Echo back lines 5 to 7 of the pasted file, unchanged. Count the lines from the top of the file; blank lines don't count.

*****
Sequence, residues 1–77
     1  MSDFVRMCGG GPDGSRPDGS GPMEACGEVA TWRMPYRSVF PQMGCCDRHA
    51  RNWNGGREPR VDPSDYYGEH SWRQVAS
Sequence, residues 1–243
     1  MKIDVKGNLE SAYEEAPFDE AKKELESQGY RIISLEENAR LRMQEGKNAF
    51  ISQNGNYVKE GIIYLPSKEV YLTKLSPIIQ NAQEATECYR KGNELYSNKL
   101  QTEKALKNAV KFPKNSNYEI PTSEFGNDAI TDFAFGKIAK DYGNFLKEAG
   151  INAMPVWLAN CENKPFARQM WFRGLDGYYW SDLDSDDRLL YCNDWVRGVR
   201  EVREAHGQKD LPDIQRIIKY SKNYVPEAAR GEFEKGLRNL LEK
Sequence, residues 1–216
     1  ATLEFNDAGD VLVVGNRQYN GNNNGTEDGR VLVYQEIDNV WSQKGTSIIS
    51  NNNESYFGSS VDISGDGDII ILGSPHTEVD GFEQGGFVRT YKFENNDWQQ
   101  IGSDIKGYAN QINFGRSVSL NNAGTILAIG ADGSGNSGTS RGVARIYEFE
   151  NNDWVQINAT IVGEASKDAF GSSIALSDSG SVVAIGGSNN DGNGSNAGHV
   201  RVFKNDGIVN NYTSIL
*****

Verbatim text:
     1  MKIDVKGNLE SAYEEAPFDE AKKELESQGY RIISLEENAR LRMQEGKNAF
    51  ISQNGNYVKE GIIYLPSKEV YLTKLSPIIQ NAQEATECYR KGNELYSNKL
   101  QTEKALKNAV KFPKNSNYEI PTSEFGNDAI TDFAFGKIAK DYGNFLKEAG